Bruce Carter, President of Optimal Design Systems International, discusses some key renovation tips.
Design a Successful Mind-body Studio in Your Health Club
By: Bruce Carter
Many clubs are adding mind-body areas and programs as a way to attract new members and be more competitive, but creating a Zen-like experience that energizes and soothes members’ bodies, minds and spirits requires proper planning.
When preparing to open such an area, it is important to first acknowledge that customers are becoming better educated and a token gesture effort will add less value and revenue for your club than you might expect.
Popular mind-body facilities can consist of group exercise, yoga, hot yoga, Pilates, and cycle classes, although some only house the quieter types of classes such as yoga, Pilates, stretching, core and barre classes. If possible, it is best to have all of your mind-body classes in the same area.
The size of a club and the number of group exercise spaces will vary and affect design elements, but here are key design points for a mind-body area or studio.
First, the space in front of the class area should have seating, such as individual chairs or ottomans, that can be moved around as members socialize and wait for classes. This space, which should be at least 100 square feet, needs to be set back from the flow of regular club traffic to allow for some privacy. However, it is recommended that your mind-body areas be somewhat visible because it is important that members see what goes on in classes so they get curious and want to participate. Deciding where to locate the area in the club and where to place windows is a balance between privacy and visibility.
Keep all mind-body spaces free of clutter. The inspiration that can come from a beautiful and clean space is lost when items for class are stacked everywhere around the room. Proper storage is critical to positive energy and design. Plan for a storage area between 100 and 300 square feet off to the side of the room, or provide storage cabinets. Depending on the type of classes offered, it is also good to provide a cubby area for shoes outside the room.
Colors for rooms can vary, but they should relate to the overall color theme of the club. Soft earth colors, such as tans, greens and blues, work well for yoga and Pilates. More energetic colors, such as yellows, oranges and vivid earth colors, work well for group exercise. For Spinning studios, consider whether classes are done primarily in the dark with accent lighting or in rooms with more levels of lighting. Dark spaces work well with dark colors, such as purple. Black is not recommended.
Graphics and artwork can help to create the desired mood for a mind-body space. More and more research is showing that people feel less pain in environments that appeal to their instinct to want to connect with nature. Adding graphics and art that bring nature into a fitness environment can help in making exercise seem easier and less uncomfortable. Go to www.Shutterstock.com or www.art.com to find options to choose from. You also can also use mirrors or heavy-duty vinyl wall coverings to add visual interest.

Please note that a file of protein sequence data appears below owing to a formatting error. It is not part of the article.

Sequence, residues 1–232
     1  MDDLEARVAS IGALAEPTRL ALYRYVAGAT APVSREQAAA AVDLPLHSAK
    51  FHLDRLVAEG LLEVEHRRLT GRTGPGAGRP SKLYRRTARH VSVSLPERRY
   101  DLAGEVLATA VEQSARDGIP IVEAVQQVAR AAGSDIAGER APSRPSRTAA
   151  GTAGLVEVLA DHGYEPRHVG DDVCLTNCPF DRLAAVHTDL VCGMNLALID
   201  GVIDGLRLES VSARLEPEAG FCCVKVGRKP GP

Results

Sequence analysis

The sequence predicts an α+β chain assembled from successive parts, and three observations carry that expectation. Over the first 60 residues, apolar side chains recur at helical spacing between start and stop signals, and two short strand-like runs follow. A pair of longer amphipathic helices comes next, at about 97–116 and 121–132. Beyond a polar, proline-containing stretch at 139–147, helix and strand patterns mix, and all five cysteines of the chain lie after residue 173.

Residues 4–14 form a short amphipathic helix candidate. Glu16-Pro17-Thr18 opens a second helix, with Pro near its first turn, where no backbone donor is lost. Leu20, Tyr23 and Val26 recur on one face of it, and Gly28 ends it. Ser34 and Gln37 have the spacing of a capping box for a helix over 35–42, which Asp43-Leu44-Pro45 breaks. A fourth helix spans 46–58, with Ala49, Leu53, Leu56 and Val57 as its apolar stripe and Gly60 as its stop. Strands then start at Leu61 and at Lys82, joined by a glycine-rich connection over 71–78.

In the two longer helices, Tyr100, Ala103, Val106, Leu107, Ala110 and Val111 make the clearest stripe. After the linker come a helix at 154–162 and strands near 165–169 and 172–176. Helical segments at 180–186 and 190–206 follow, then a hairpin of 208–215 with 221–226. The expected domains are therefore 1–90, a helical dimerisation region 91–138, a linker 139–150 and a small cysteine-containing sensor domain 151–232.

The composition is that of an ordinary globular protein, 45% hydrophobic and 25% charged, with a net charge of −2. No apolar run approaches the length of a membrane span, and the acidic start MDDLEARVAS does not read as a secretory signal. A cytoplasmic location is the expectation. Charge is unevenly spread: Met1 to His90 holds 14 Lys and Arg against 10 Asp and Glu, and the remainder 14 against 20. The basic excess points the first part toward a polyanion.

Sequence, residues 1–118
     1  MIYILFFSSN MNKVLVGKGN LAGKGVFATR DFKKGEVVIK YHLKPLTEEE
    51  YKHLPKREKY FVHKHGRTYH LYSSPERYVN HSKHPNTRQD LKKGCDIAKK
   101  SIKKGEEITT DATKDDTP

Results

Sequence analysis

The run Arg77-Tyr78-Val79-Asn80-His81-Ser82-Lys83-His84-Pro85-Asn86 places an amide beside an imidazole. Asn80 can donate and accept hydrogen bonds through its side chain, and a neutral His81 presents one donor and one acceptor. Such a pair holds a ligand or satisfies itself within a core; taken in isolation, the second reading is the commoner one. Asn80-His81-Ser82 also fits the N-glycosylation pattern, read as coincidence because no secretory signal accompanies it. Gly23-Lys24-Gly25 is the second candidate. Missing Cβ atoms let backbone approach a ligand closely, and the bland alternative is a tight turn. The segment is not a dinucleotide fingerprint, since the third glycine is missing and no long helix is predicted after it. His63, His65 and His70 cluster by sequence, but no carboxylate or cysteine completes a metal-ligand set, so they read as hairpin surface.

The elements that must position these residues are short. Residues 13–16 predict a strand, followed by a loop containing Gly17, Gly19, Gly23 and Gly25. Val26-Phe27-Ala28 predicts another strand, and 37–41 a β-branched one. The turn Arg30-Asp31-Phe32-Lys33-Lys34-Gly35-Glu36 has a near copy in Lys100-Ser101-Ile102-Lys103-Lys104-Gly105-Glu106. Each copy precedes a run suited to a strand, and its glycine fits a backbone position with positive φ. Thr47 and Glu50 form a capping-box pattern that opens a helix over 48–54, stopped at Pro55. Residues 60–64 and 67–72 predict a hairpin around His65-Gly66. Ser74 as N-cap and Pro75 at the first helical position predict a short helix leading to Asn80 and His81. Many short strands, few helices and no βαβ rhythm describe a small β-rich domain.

Consider Practical Elements
Practical design elements, such as lighting, also are important. Lights should switch from the basic brighter overhead lighting of the main exercise areas to softer accent lighting. This can be achieved by using wall sconces, pendants, recessed can lighting, cove lighting and drum lighting. All lights should be on dimmers so different moods can be created through different light levels. Very bright rooms are no longer a good choice, even for group exercise.
The flooring for mind-body areas also has changed. Standard wood flooring was originally geared to dance-type movements, but many mind-body classes involve different types of movements with weights, kettlebells, Pilates machines, and more floor work. Often, a vinyl floor with a cushioned subfloor that looks like wood can work better for the wider range of group classes.
Other things to consider are accents such as water walls, plants and bamboo poles, which can add to the mind-body theme. Also, if things such as ballet barres are going to be added for barre classes, extra blocking in the wall will be needed to allow the bar to be securely fastened to the wall.
Proper heating and ventilation systems are a must in creating more inviting environments. Make sure the space has added HVAC capacity to move air in and out of the space. If hot yoga is planned, the key is to have an insulated room so there is minimal heat escape. Mechanical systems should allow the room to warm up and cool down in short periods of time if other classes will take place in the space.
Sound insulation also is very important, especially around the quieter type rooms. Spinning studios must be carefully positioned or completely sound insulated to prevent disturbance to other areas.
Properly planning for design can make a substantial difference in the success of your mind-body spaces. The key is to make them unique and inviting so people will want to come back again and again to rejuvenate themselves and escape from their normal, hectic daily lives.
As published on clubindustry.com, January 2014.